How to make a living (by living your best life!)

In her inspirational first book, Make a living living, travel writer Nina Karnikowski shares the inspiring stories, challenges and actionable tips of those who have taken the leap, dived in deep and discovered a whole new way of living – and being! – by doing what they love

 

Make a living by Nina Karnikowski

With insightful interviews with 26 creatives from around the world, and DIY practices to feed your creative fire, Make a Living Living is a guide to crafting a more fulfilling life, finding more pleasure in the simple things, cultivating inspiring relationships and building a successful, purpose-driven career. Here, Nina shares the journeys of three Australians who are living their dream… 

Emica Penklis – The chocolatier on having a purpose

Make a living by Nina Karnikowski

For 35-year-old Emica Penklis, chasing her dream of creating a handcrafted, organic chocolate company that actually enhances the consumer’s wellbeing hasn’t been an easy road. But take a peek inside her life today, running her thriving business Loco Love in beautiful Byron Bay, and you’ll realise that any struggles have been well worth it.

Since starting Loco Love using a $1000 tax rebate in 2013, Emica has funnelled both the knowledge of health and the human body she learned from studying naturopathy for three-and-a-half years, and almost every cent earned working part-time jobs, into building her business. She has taught herself everything she knows – from how to actually make chocolate that’s vegan, gluten- and refined sugar-free using superfoods and tonic herbs, to creating invoices and doing accounts, learning about marketing, designing a commercial kitchen, creating packaging, managing staff and more. Along the way there have been machinery breakdowns, suppliers going bankrupt, copycat companies and customers baulking at the idea of ‘healthy’ chocolate that comes with a higher price tag. 

Make a living by Nina Karnikowski

Societal doubt about following a non-traditional path is something else Emica has had to contend with. “When I started Loco Love, my partner at the time often ridiculed the idea, especially when it came to it delivering financially. Friends and family were supportive, but everyone was shocked I could actually make a living making chocolate,” says Emica. “Still today, as much as I don’t like to admit this, being a young and relatively inexperienced woman in business means people often don’t take you seriously until you prove you’re professional by being reliable and consistent in every aspect of the business.”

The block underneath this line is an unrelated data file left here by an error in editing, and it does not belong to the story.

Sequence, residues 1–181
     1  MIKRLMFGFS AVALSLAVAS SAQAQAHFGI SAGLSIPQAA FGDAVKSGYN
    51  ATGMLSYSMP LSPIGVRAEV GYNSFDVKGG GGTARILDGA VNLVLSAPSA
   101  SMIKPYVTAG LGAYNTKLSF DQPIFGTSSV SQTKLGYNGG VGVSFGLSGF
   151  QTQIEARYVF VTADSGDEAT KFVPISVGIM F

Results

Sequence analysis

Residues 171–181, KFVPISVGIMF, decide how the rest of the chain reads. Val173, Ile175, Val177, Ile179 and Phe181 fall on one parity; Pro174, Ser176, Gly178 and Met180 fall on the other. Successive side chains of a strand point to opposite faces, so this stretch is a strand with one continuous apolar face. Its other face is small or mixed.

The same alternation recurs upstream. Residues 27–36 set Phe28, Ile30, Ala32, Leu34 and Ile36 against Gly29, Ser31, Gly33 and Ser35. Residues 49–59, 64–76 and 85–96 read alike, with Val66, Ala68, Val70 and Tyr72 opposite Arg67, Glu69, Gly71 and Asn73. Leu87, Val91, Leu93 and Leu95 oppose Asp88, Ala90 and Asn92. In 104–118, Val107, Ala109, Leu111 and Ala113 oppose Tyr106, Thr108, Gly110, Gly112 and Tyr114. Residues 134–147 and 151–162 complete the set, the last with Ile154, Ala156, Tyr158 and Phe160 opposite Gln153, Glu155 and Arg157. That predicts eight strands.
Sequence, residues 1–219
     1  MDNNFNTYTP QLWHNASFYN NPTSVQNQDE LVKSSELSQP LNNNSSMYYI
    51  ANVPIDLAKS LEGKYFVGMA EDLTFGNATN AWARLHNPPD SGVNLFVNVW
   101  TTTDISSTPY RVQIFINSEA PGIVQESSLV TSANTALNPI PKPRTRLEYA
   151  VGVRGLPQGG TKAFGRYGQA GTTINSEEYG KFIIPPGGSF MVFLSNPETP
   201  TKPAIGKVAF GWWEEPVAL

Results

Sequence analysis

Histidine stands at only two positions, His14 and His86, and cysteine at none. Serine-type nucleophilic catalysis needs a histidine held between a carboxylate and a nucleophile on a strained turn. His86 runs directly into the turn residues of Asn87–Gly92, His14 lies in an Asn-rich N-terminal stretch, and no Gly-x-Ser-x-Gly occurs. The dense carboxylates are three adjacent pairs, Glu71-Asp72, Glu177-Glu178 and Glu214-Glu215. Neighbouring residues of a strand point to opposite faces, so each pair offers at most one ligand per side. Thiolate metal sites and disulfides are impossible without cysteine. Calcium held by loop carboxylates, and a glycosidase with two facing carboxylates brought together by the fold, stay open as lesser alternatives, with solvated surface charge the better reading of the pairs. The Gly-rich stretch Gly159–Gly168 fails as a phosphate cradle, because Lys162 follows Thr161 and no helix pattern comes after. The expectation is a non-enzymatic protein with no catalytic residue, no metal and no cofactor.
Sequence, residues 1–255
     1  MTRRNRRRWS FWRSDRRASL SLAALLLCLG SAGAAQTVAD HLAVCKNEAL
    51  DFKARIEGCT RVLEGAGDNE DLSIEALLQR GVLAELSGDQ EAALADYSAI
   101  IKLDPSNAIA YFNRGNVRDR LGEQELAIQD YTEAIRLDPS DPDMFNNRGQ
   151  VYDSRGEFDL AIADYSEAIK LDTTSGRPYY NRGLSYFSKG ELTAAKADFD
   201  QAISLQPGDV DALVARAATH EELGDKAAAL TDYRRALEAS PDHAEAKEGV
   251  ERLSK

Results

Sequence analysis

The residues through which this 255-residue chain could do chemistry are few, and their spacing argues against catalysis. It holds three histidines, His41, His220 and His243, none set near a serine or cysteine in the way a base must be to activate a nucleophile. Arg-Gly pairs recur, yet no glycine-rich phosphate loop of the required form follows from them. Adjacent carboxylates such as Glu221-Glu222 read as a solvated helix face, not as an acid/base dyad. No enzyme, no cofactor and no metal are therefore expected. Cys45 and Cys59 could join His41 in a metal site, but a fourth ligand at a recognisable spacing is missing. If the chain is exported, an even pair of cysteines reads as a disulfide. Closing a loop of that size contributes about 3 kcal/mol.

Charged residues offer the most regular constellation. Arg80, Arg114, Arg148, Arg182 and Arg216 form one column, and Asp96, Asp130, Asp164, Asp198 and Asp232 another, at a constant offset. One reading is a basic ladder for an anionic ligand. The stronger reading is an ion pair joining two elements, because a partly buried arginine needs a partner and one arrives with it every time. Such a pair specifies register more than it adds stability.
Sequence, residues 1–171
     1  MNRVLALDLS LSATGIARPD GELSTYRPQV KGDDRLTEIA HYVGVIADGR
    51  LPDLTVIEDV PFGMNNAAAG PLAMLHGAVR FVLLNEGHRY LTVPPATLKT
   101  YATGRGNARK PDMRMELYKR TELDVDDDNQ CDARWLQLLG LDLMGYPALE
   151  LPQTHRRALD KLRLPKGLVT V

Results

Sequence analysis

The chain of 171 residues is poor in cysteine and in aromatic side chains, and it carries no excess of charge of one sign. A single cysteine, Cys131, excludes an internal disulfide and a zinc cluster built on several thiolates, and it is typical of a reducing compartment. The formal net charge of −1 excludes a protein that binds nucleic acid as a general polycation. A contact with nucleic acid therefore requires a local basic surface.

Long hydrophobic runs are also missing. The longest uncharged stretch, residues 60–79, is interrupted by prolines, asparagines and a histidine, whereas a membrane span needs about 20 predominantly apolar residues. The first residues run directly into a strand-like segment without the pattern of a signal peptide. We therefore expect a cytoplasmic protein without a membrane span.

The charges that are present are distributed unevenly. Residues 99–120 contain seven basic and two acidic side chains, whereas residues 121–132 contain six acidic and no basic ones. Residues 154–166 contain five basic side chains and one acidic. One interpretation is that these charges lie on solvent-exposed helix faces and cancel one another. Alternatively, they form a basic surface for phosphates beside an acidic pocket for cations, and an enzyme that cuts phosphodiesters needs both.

The huge highs have made up for all of this, though: building her own chocolate factory in Byron Bay, which she now runs with her husband, being featured in Vogue magazine and, the biggest one of all, making a living doing what she loves. She works with her hands as she’d fantasised about doing since she was a kid, can work to her own timeline, is surrounded by a community of inspiring business owners and is able to live by the ocean, in her favourite part of the world.

“I spent so many years not understanding or accepting the society we live in. We work in jobs we hate, for money to buy things we don’t need, and everyone’s walking around complaining all the time,” says Emica. “Finally, it dawned on me that it’s only by being the most authentic, inspired, love-filled version of yourself that you can help change the world, and that idea has become a big part of my company’s ethos.”

If there’s one thing we can learn from Emica, then, it’s this. Following your heart and building your dream life – where you write your own rules and are free from societal strictures – won’t mean your life will be free of struggle. But because you’re doing something you love, and are living a life filled with purpose, that struggle will be completely worthwhile. 

Angus McDiarmid – The potter on

continually learning

Make a living by Nina Karnikowski

Step inside the handmade bush home of Australian potter Angus McDiarmid of Pan Pottery and you would assume he has half a dozen skilled trades under his belt.

Except that aside from pottery, he doesn’t. The effervescent 31-year-old taught himself everything he needed to know to turn a shack into a pottery studio, gallery and home for himself, his wife Bridget and their one-year-old son. Through meeting timber workers in his community and asking them loads of questions, Angus learned to make the furniture, cupboards, decking and doors out of local wood, to craft the lights, tiles and kitchen sink from terracotta, and to do all the plumbing and electrical wiring himself. “People tell themselves they can only be one thing, but the joy of life lies in learning new things,” he says.